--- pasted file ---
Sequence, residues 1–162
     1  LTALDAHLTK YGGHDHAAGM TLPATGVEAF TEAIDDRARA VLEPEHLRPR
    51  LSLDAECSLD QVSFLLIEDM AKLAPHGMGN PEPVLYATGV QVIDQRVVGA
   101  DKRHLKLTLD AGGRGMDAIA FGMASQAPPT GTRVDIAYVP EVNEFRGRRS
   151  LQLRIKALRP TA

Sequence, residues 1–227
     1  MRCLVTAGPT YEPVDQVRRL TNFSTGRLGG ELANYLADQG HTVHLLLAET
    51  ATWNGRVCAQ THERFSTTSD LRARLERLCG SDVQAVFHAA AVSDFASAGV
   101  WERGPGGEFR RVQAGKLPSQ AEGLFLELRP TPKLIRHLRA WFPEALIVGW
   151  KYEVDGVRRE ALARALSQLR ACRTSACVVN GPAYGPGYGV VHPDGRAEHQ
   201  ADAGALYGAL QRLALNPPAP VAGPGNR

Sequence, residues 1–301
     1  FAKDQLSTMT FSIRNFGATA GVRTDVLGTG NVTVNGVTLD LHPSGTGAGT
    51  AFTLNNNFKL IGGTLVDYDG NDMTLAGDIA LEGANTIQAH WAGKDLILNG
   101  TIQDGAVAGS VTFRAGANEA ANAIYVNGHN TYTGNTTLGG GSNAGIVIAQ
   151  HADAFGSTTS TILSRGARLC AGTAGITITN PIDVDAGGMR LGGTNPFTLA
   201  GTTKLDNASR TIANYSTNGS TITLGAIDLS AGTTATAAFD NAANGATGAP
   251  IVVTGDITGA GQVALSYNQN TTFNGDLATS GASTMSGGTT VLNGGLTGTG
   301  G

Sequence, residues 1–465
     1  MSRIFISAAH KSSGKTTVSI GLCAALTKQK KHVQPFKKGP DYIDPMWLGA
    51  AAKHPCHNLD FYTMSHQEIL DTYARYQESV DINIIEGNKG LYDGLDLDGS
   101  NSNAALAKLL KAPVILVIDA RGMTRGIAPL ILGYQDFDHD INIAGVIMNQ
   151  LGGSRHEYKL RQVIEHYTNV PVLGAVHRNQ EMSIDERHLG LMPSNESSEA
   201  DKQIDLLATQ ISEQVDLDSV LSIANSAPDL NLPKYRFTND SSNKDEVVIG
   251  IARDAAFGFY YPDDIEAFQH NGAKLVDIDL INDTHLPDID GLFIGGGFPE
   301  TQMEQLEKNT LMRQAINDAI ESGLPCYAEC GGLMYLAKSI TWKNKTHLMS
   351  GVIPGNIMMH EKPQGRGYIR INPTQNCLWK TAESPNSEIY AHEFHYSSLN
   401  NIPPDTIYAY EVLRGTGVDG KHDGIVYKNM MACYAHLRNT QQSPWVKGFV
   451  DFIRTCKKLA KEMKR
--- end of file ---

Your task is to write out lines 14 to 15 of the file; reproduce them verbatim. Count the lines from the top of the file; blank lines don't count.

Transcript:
    51  AFTLNNNFKL IGGTLVDYDG NDMTLAGDIA LEGANTIQAH WAGKDLILNG
   101  TIQDGAVAGS VTFRAGANEA ANAIYVNGHN TYTGNTTLGG GSNAGIVIAQ